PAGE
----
If you're living with an alcoholic partner, you've probably faced a lot of challenges and experienced many different emotions. Right now, you may be exhausted from having to pick up more of the responsibilities, terrified about the health and future of everyone in your household, as well as sad and angry about the situation that you're currently living in.
Dealing with an alcoholic partner and coping with their alcoholic behaviours and tendencies can have a massive impact on a person’s life. Within this blog, we explore the dos and don’ts of living with someone addicted to alcohol. We've also put together the dos and don’ts of talking to the person about their drinking, which you can use if and when you're ready to have this conversation.
The dos of living with an alcoholic partner
Whether you're living with a functioning alcoholic, or someone with an alcohol dependency, life can be physically and emotionally draining. Learning how to deal with an alcoholic spouse as well as looking after yourself can be stressful and it's likely you'll need support to help you manage. We've put together some recommendations on how to look after yourself and the other people living in your household.
- DO try to maintain a level of normality throughout your days. Stick to a family routine, so go to work, eat meals, relax and go to bed at the same time every day
- DO focus on yourself and the other people in your household who are affected by your alcoholic partner. This should be your priority, so concentrate on yours and their physical and mental health
- DO learn to step back. We understand that this is a really difficult thing to do, but if you try to step in and save the person every time there's an incident or issue, their alcohol addiction is likely to continue. They may need a crisis to happen in order for them to recognise they need to change
- DO seek outside support. It's important to have a trusted group of people who can listen and support you. As well as speaking with close friends and family members, think about joining a group like Al-Anon, where you get to speak to people who have had similar experiences with family members. Alternatively, you may want to try seeing a therapist, so you can get the right level of support you need and are able to stay well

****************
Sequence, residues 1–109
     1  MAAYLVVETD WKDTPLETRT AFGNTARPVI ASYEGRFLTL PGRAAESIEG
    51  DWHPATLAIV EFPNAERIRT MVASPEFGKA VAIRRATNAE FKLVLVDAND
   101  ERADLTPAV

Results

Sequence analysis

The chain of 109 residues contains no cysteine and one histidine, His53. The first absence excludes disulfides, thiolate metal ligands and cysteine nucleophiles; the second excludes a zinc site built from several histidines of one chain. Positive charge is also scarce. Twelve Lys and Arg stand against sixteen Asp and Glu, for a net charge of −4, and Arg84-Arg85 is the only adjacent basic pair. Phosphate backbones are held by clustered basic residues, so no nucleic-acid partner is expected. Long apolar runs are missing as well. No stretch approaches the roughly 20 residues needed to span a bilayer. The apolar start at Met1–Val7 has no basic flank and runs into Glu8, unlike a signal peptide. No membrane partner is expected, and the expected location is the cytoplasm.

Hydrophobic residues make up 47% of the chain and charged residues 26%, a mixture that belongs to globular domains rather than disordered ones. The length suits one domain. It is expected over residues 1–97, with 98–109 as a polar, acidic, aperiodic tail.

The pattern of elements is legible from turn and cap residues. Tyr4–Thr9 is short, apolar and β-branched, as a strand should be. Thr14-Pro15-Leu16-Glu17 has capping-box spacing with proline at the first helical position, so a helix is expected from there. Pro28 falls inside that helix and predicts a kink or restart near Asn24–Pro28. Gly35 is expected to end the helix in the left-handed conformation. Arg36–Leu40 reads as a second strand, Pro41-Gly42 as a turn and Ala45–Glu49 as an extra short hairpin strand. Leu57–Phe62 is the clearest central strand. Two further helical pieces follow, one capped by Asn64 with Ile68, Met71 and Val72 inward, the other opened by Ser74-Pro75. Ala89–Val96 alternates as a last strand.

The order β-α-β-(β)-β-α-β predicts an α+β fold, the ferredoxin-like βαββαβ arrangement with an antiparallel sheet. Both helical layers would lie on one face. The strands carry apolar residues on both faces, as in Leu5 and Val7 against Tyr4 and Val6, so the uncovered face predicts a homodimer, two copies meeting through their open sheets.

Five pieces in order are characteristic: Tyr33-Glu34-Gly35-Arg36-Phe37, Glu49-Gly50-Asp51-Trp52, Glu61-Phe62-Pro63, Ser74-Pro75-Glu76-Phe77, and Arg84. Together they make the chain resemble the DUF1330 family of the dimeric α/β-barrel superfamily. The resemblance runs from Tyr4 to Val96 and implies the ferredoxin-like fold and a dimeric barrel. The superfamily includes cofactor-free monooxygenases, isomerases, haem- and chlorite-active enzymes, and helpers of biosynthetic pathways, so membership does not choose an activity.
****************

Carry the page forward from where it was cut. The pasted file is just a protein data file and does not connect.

The don’ts of living with an alcoholic partner
- DON’T give up. Remember that you're not alone. There are people who care about you and who'll support you so that things can get better
- DON’T focus your time and energy on trying to control or stop your partner’s drinking. We understand that this can be tough, as you care for the person and have a history together, regardless of how much they've hurt you. But remember, they can’t control their drinking, so it's highly unlikely that you'll be able to change it either. Also, withdrawing from alcohol can be extremely dangerous and even life threatening, so if the person does decide to stop, they should access professional support to do so. Encourage them to speak to their GP or get in contact with a specialist treatment centre to discuss the best steps forward
- DON’T spend your time and energy covering up for the person. It's likely they won’t want other people to know how much they drink, but it isn’t your responsibility to help them try and keep it a secret
- DON’T remain in a position where you feel that you and others in your household are physically or emotionally unsafe. Get immediate professional support and don’t try to handle the situation yourself
Take some time to yourself
Living and dealing with an alcoholic can have a serious effect on your own health and wellbeing. You're likely to be concerned for your loved one and worry for their health, as well as worn down by their behaviours, or anxious about what they may do next.